Weed, Inc.

Pub Date:   |   Archive Date: 12 Oct 2018

Member Reviews

Excellent  read. Great work , This book should be read by any and all who have concern about what is happening in your country and with this industry. Be ready to be presented with many facts very interesting read
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There was some good information in this book. I appreciated the insight on the issues of an unregulated industry.  However, many of would like more regulations on the marijuana industry.  

I do see issues with recreational marijuana and found some of Ben Cort’s points to be valid.  I believe many states go too quickly from medical to recreational.  However, much of the discussion on medical marijuana I did not agree with.  It is obvious Ben Cort has never dealt with chronic pain.  I do not recommend this book to anyone researching cannabis.  If you are wanting to research medical marijuana a better book to read is The Medical Marijuana Guide by Patricia C. Frye MD or  Cannabis for Chronic Pain: A Proven Prescription for Using Marijuana to Relieve Your Pain and Heal Your Life by Rav Ivker.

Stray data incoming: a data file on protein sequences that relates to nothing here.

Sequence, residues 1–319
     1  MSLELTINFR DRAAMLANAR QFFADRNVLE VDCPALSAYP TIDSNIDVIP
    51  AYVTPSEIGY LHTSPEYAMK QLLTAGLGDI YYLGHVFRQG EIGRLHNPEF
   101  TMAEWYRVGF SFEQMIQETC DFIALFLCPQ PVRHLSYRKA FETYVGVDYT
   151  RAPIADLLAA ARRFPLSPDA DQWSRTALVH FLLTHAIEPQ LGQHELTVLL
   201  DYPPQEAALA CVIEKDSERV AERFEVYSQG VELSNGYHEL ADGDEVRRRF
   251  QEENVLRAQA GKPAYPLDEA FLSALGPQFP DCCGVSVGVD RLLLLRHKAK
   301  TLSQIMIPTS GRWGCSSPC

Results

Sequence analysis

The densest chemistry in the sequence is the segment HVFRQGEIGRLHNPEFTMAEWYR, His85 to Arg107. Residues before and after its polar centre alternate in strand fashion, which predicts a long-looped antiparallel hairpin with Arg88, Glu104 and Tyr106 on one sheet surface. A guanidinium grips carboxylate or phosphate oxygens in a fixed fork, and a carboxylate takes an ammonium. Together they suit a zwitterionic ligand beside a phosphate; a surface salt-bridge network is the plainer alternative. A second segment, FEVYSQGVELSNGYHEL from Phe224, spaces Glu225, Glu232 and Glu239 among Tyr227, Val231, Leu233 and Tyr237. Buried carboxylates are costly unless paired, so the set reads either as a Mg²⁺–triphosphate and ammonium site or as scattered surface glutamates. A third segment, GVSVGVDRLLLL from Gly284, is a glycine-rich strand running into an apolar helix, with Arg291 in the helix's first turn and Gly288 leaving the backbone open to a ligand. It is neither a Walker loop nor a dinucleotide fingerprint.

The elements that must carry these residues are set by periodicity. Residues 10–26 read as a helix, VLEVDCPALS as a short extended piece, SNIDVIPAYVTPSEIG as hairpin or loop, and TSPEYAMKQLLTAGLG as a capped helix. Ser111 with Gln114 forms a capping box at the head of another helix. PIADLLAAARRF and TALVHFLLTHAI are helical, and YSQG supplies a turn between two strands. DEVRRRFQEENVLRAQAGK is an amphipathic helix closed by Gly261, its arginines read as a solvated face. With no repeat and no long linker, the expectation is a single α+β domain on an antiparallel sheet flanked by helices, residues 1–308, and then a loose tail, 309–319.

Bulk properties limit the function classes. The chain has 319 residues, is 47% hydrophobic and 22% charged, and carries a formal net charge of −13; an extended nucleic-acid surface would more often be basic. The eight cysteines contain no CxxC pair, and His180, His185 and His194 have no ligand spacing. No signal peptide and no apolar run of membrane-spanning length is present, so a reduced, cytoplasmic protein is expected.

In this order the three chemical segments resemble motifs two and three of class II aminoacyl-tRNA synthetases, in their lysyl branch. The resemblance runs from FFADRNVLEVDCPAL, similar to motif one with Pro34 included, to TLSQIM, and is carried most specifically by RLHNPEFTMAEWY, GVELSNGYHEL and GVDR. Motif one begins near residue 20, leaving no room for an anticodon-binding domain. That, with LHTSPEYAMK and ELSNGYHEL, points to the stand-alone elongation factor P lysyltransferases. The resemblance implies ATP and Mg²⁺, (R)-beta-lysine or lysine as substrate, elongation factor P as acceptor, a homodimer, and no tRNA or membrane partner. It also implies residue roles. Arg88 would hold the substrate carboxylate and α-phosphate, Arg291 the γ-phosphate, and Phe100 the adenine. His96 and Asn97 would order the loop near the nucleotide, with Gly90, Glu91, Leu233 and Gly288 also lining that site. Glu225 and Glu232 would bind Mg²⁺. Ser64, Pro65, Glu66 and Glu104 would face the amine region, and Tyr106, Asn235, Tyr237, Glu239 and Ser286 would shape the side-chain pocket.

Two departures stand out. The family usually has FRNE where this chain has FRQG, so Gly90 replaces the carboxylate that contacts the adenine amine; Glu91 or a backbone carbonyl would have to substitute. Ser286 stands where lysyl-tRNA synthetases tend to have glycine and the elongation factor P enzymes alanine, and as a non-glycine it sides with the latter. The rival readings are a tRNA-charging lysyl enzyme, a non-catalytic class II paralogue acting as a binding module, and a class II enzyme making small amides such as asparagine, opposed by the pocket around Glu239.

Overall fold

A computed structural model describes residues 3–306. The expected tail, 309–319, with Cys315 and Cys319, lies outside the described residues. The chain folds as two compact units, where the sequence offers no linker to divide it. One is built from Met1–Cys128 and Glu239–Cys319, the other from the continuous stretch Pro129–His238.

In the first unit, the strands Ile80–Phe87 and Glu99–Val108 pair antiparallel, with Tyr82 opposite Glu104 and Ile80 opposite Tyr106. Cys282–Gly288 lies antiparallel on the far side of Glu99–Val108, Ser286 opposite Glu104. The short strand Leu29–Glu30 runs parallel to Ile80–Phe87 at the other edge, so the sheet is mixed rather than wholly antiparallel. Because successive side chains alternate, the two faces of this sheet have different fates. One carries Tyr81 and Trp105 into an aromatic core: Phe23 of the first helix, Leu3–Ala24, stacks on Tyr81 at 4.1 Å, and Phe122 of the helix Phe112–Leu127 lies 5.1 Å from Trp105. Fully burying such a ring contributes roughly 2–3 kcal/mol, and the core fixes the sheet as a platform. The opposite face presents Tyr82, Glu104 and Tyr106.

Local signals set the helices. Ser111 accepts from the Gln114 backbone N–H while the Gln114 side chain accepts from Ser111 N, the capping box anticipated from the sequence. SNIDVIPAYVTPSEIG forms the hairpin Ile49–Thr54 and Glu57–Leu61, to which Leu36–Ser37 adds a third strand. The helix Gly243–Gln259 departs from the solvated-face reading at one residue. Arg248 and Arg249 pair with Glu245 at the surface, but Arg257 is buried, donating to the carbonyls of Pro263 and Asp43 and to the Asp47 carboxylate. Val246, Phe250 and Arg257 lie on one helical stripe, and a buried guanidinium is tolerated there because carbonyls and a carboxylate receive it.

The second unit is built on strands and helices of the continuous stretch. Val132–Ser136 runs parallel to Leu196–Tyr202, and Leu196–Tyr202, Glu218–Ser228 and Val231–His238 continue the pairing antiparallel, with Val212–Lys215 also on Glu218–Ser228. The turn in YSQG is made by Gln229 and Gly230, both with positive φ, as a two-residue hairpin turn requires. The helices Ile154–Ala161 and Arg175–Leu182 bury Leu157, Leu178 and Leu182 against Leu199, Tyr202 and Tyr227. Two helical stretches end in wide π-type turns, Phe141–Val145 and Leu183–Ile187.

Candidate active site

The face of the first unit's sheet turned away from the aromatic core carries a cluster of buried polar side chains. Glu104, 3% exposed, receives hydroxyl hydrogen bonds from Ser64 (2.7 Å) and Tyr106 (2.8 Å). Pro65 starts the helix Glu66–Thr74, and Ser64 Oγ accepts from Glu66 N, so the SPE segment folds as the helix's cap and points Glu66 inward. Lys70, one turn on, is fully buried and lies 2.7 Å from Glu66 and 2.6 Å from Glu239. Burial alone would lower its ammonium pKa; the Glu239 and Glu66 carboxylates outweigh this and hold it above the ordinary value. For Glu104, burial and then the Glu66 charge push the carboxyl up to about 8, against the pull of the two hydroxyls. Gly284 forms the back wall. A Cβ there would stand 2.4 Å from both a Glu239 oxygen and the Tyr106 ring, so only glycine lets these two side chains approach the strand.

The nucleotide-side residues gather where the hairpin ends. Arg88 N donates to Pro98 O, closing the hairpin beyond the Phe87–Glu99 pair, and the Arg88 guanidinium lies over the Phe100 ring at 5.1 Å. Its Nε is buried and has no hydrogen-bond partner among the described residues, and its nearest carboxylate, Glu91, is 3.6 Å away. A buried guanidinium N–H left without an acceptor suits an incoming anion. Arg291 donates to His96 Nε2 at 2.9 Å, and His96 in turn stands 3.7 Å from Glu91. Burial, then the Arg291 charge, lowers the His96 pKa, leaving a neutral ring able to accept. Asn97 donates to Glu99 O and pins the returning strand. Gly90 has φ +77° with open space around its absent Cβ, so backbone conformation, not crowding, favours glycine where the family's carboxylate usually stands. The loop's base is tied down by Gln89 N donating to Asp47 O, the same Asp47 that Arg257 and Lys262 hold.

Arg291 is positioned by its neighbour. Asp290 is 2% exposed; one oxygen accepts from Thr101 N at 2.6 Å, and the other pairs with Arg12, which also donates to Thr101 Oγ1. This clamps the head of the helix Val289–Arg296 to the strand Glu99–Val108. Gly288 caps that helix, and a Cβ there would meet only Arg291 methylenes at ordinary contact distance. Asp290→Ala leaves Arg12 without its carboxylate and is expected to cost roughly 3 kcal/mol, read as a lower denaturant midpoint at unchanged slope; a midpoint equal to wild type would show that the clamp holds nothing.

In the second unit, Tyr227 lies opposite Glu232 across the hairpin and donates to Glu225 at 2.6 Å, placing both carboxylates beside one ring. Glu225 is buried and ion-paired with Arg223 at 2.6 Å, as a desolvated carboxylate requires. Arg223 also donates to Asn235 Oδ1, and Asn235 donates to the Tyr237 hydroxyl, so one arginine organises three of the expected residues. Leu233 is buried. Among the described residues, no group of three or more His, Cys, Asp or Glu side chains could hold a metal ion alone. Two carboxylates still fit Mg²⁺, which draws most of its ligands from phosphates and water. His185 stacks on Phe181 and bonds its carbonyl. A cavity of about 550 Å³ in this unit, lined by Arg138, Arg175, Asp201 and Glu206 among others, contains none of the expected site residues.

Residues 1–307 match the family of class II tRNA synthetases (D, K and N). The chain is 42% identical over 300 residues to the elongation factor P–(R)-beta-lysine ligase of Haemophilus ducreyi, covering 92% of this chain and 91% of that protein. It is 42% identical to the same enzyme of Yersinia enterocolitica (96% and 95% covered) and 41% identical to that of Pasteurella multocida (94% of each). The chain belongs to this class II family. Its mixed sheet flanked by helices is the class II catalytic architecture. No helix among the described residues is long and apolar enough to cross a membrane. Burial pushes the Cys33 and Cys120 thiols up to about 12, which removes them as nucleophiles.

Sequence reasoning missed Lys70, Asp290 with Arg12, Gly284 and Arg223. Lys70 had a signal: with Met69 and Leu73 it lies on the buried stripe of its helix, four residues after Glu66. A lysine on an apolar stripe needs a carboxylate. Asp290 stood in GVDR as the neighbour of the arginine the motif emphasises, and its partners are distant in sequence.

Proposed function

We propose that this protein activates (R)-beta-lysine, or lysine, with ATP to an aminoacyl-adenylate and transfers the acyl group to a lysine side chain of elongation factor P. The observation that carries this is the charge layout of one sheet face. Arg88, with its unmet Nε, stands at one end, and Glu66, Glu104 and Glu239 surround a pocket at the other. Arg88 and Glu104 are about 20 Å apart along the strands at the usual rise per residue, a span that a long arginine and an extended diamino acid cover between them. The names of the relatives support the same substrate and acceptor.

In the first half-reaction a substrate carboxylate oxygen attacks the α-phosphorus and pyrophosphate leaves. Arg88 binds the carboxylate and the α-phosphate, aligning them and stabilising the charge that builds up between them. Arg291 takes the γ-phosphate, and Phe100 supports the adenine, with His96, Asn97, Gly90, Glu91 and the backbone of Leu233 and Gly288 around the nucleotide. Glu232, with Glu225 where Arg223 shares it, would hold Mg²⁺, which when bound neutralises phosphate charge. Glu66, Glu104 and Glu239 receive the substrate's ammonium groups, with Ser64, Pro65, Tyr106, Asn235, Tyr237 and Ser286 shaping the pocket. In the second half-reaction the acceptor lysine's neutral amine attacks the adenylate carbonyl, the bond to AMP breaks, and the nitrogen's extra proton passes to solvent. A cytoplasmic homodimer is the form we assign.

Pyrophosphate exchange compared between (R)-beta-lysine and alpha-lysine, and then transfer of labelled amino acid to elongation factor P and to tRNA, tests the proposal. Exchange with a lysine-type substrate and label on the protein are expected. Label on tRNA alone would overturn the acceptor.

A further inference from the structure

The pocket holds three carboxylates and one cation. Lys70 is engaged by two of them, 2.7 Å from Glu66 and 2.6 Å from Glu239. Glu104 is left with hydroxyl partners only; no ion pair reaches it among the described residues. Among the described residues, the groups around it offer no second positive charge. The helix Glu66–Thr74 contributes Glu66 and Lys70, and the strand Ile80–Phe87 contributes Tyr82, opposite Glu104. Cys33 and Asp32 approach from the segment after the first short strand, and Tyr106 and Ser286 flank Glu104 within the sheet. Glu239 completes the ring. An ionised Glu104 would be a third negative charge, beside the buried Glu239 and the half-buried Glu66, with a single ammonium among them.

I don’t usually write reviews this way.  When I looked through my notes, I did not see another way to review this book other than to dispute some of its claims. 
Here are some of his claims and my disagreement:
THC has little is any medicinal qualities. - That is false.  I have suffered from chronic pain for 8 years.  I've tried non-prescription things like, chryotherpy, physical therapy, kienesology, float tank, 2 hour weekly massages, to name a few.  Then I went to more that four specialists and pain management clinic, had trigger point injections and tried prescription medications (savella, cymbalta, amirix, gabapentin, nortriptyline, tramadol, naltrexone, soma, flexeril, methodarbamol, eight topical prescriptions).  None of those or a combination of those has helped as much as cannabis. I also use CBD on its own for three years.  CBD took the edge off my pain but it never replaced any of my medication on its own.  the combination of CBD and THC helps much more and with more lasting effects.  Once I got my pain under control I was able to back off on how much I use and goal is to get to the point of only using CBD.